Queering Medieval Genres

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Palgrave Macmillan US, Aug 31, 2005 - History - 227 pages
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Queering Medieval Genres proposes that, within the historical trajectory of many genres, certain agents are privileged while others are marginalized due to their understanding of heteronormative social codes. Examining the ways in which homosexuality disrupts generic and cultural expectations of heteronormativity, this book demonstrates that the introduction of the queer within medieval literature shatters the audience's expectations of textual pleasure and demands that they reconsider the effects of homosexuality on their constructions of sexual and spiritual identity. Scholars of medieval literature will appreciate the fresh insights that queer genre theory provides on critical texts of the period; additionally, Queering Medieval Genres outlines a hermeneutic device with which to analyze literature of other historical periods as well.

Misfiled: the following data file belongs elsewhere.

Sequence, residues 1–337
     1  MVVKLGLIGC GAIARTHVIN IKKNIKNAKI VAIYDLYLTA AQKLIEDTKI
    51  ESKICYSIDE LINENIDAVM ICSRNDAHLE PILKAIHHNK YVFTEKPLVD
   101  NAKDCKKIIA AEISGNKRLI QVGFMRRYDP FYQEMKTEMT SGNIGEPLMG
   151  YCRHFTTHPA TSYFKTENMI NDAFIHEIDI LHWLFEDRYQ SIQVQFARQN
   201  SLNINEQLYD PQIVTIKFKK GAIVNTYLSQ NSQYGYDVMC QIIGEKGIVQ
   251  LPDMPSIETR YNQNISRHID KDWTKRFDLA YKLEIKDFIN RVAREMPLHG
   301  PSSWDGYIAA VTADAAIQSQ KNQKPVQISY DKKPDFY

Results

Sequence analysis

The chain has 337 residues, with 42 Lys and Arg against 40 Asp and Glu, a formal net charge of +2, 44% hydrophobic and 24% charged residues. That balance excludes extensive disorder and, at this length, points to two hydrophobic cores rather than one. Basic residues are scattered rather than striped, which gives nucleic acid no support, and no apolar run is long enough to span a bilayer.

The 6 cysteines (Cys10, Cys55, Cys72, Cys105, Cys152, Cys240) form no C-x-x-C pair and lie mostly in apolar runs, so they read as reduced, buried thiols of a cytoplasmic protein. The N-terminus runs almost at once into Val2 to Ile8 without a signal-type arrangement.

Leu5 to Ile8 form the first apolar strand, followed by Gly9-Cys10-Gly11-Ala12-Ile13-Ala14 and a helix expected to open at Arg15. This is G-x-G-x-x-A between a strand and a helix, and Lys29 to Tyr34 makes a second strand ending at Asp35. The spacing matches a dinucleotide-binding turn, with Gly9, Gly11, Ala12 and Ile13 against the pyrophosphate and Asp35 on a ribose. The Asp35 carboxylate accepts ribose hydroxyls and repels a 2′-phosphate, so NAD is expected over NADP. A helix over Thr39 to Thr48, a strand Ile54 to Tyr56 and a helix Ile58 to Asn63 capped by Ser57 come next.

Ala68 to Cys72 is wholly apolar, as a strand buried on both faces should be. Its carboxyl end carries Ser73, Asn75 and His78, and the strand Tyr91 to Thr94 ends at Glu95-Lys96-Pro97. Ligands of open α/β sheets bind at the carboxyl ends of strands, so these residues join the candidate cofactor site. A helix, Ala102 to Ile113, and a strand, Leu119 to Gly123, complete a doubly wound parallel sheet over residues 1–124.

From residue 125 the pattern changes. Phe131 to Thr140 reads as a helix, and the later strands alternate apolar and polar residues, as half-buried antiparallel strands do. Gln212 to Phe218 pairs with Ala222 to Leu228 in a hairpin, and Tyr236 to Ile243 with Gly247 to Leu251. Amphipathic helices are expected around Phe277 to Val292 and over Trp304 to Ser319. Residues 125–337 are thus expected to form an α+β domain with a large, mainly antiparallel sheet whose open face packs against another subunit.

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About the author (2005)

Tison Pugh is Professor of English at the University of Central Florida.

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